In the 21st century, it is common knowledge that every person in the world has the same rights, and we are all equally entitled to enjoy them without
discrimination. All these rights are interrelated, interdependent and indivisible. Children have the same general human rights as adults, as well as special
rights that take into account their special needs.
The Convention on the Rights of the Child clearly articulates through the definition of rights the conditions that must be met for children to develop their
“human” potential at each stage of development and to the full extent of their capacities.
Children build their independence starting from the stage of receiving full care from adults in the family, then in kindergarten and school. As they travel this path, they ask many questions and make important judgments. Usually these questions and opinions relate to the immediate, familiar environment, which can be different and changing for each child. Regardless of this diversity, we want to ensure that all children have an equal opportunity to develop.
The slogan “equal opportunities for every child” is commonly associated with providing access to education for children with disabilities. Against this background, the trend of inclusive education is developing, removing architectural barriers in kindergartens and schools to which all children are invited. However, the diversity of people in the world, their needs and the conditions in which they live creates the need for a broader view of equal opportunities for every child. Moreover, the pace of civilizational change is very rapid. We tend to want to wait to address the issue of diversity and equal opportunity until children appear to understand more and better, usually until adolescence, although social research shows that it is children’s earliest experiences that significantly influence their future development. The course of their development, in turn, determines the lifelong contributions they will make to society, or the costs they will pay.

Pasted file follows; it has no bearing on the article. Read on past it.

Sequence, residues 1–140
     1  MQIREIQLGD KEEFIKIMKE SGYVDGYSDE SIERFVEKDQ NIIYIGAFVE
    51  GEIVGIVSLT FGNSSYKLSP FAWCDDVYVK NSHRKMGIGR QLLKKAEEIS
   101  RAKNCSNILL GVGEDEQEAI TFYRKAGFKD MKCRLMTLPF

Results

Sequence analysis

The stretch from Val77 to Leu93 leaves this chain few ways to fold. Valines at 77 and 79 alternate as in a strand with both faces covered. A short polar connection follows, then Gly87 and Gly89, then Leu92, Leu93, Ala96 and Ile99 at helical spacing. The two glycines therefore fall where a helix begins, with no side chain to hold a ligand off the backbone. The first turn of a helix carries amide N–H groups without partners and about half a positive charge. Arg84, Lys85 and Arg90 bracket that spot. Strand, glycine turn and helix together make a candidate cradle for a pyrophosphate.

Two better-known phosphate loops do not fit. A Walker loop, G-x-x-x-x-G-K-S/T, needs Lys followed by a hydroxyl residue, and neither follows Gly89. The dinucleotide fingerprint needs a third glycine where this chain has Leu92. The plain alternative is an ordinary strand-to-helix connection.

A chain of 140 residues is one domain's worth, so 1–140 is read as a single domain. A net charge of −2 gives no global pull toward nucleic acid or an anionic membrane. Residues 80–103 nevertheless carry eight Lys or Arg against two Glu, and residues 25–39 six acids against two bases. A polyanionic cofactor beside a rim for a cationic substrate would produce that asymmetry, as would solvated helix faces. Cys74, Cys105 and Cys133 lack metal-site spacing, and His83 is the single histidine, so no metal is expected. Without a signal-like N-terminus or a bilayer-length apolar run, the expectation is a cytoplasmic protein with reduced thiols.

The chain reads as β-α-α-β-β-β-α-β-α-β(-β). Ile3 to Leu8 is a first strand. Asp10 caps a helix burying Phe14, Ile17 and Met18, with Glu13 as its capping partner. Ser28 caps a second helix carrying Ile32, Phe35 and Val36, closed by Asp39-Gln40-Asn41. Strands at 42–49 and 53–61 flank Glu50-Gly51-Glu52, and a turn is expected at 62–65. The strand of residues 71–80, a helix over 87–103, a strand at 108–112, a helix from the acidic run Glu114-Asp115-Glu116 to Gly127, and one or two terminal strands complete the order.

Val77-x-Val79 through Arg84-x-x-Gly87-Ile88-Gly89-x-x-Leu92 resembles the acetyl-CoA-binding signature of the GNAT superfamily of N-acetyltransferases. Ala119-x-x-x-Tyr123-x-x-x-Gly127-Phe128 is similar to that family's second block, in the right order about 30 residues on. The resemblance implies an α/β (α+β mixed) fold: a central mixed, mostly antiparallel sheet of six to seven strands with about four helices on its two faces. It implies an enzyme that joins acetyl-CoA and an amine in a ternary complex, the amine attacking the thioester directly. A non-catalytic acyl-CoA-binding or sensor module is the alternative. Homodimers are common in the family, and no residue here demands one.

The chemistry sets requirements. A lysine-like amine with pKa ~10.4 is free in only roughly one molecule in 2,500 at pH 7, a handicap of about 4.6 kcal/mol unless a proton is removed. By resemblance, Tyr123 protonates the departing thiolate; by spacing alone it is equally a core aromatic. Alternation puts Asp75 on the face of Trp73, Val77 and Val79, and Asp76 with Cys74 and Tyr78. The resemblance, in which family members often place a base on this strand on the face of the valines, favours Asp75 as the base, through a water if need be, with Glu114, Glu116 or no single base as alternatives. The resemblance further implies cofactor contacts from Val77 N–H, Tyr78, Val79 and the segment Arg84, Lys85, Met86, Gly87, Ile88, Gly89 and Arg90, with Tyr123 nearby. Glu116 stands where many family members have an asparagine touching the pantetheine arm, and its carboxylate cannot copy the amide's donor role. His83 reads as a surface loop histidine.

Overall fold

31All of us, we require a world in which every child gets an equal chance to succeed in life, and this world will be creating by today’ children. That’s why we at project GAINKids point out that a Preschooler can be a “partner” in the conversation about human diversity, and as they learn about it, they will become increasingly aware of how to provide equal opportunities for all.
By speaking to children in the language of our story-books, we want to convey that: it’s not about who their parents are, but who they are, to draw their attention not to what others are doing, but to what they themselves can do, to let them learn that gender, skin color, clothes, hair length, age, and health conditions don’t matter because what matters most is friendship and talent.